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|Delivering Smarter Buildings
Delivering smarter buildings is not new. It has been a topic of discussion for years.
Chief Marketing & Communications Officer,
Image from the New York Times Archives
Delivering smarter buildings is not new. It has been a topic of discussion for years. Delivering smart buildings, or at least the vision of one, originated in the early 1980s as seen from these excerpts from the New York Times:
“Cityplace a 38-floor building will open in Hartford. With 1.3 million square feet of floor space, it will be the largest commercial structure in Connecticut. It will also be ''the world's first intelligent building”. Later next year, Building Systems, a subsidiary of the United Technologies Corporation, says, it will complete work on the first ''intelligent'' buildings in New York City - Tower 49 - and in the Southwest - LTV Center in Dallas. And it is also installing sophisticated office complexes outside Washington, D.C., at Crystal City in Arlington, Va., and Skyline City in Alexandria, Va.“https://www.nytimes.com/1983/12/01/business/the-intelligent-buildings.html
The year 1983.
And from May 13, 1984:
Commercial developers are drawing on the talents of the communications industry to create a new generation of office buildings that seem almost to think for themselves. These new structures, only a handful of which now exist, are called intelligent buildings. An intelligent building has a computer for a brain and a fiber-optic-cable nerve system that tenants use for their telephone and data processing communications. The computer operates sensors that signal when spaces are too hot or cold, when lights have been left on at night and when intruders have gained entry to the building. it also operates the elevators and warns of fire and breakdowns in water and electrical systems”. https://www.nytimes.com/1984/05/13/realestate/wiring-buildings-for-intelligence.html
Back then, several major enabling technology trends were under way. One was the telecommunications industry which was undergoing deregulation and new companies, products, services, and innovations entered the marketplace. The second, which at the time seemed somewhat separate and unrelated, was the emergence of the personal computer industry. This era spawned the first real connection between commercial real estate developers, building owners and technology that could help operate and manage their buildings better (smarter).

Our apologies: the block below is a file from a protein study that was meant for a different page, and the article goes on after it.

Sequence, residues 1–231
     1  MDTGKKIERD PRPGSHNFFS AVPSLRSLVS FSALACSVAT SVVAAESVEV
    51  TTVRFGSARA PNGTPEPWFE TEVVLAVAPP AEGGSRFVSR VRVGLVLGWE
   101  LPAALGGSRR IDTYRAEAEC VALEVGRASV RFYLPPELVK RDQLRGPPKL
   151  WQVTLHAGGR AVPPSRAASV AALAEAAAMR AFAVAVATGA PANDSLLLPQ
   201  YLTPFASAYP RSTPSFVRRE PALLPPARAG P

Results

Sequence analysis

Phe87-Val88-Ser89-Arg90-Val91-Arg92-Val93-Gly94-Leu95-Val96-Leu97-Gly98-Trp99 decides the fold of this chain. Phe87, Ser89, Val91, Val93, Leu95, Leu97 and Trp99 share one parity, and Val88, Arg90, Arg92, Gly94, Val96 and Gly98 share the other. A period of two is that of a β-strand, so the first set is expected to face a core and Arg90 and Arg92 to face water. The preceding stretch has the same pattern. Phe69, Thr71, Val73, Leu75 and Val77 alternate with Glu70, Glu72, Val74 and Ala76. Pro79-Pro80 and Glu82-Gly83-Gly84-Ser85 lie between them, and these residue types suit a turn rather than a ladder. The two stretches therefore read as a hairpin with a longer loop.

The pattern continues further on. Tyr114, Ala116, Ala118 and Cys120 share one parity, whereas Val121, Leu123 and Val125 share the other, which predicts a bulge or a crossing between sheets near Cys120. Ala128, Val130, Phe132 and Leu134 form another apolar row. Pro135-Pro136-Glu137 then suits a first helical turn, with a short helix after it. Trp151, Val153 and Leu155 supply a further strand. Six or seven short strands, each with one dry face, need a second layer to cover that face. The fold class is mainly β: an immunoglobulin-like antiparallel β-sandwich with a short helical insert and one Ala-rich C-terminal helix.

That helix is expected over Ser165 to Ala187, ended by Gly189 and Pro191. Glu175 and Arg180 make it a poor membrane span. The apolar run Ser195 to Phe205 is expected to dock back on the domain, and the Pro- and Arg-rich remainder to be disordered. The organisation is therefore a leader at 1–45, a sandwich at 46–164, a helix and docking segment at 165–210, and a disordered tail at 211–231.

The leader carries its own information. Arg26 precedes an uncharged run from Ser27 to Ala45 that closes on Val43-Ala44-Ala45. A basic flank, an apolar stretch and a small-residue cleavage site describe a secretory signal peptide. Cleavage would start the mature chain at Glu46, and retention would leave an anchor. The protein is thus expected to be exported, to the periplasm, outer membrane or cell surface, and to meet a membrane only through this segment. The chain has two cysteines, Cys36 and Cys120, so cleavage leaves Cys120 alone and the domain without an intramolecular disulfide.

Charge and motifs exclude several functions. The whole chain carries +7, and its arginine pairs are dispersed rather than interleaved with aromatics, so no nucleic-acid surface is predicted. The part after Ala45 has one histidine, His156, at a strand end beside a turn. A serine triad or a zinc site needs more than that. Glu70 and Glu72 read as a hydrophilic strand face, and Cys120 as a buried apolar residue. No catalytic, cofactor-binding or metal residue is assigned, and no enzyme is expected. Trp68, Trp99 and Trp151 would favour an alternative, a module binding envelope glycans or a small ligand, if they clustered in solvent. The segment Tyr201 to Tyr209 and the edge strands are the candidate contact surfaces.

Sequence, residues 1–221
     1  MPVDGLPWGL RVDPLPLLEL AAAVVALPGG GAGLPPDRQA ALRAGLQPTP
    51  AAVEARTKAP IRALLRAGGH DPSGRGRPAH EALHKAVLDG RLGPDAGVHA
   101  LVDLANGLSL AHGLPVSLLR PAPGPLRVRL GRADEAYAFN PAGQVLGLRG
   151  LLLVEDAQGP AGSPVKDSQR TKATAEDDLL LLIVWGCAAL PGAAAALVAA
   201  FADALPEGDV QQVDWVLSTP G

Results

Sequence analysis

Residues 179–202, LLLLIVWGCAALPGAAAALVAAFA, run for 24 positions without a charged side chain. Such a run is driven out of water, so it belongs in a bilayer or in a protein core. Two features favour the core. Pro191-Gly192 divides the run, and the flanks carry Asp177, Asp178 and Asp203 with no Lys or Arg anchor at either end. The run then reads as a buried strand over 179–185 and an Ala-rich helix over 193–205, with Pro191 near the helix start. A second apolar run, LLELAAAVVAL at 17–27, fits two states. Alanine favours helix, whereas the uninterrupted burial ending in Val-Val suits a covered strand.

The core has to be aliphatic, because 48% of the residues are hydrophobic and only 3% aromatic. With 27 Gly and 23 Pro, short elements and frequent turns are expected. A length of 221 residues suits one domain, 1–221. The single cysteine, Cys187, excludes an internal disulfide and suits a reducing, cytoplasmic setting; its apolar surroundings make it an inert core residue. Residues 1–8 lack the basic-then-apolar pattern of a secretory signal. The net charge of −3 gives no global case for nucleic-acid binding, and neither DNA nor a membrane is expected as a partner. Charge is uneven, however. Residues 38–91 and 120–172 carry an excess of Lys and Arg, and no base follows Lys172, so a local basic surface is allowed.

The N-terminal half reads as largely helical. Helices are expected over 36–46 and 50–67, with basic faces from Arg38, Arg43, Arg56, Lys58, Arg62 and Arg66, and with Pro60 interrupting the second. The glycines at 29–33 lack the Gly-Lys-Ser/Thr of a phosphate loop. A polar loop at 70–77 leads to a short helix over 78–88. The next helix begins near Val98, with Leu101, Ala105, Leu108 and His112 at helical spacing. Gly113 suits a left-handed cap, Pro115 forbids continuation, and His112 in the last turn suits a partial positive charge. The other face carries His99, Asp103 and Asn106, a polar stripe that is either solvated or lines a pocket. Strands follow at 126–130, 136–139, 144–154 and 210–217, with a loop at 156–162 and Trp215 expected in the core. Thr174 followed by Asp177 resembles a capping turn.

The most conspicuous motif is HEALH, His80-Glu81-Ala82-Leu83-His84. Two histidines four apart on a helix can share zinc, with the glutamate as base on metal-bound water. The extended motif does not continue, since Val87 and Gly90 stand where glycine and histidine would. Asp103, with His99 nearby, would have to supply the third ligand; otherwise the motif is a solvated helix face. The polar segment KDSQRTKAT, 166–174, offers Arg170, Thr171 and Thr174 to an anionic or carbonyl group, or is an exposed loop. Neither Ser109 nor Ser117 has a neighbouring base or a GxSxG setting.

Fast forward to today. What’s pushing buildings to be smarter? While there are several drivers (I am sure you have yours), I believe there are three that construct a foundation for many and influence smarter buildings.
Today, connectivity is enabling us to expand our reach to the edge with a range of devices that gather and analyze data and react to it in a variety of applications that we have never seen before. It is allowing us to redistribute and process data independently at the device level. It is enabling the flattening of the network architecture and giving us the ability to access and control remotely and direct connect to the Cloud. Connectivity is also empowering us to create collaborative environments.
Accessing and making use of data from existing operational systems is critical to making any building smarter. Data has changed the way companies in every industry do business and assess and manage performance; we are in an era where data technologies and analytics enable us to capture data from different sources; make it consistent and meaningful and use it across multiple applications. Today’s increased access to data is empowering us to take advantage of it----- from everywhere and any device. By effectively utilizing data, we create better operational and occupant experiences.
Over the years, we have seen continuing confusion around smart building outcomes. Smarter buildings are not just about installing and operating technology or technology advancements. Technology and the systems in buildings are simply enablers, a means to an outcome. Smarter building outcomes are now about delivering solutions that solve owner/operator challenges (problems) and achieve their business, strategic, financial and marketability outcomes.
The quest for smarter buildings continues in its most transformative and compelling period we have seen over the last twenty-five years. It is more than the products and technology solutions. It is an understanding of delivering insights and outcomes that make buildings smarter. Today, the need is more demanding than ever before.
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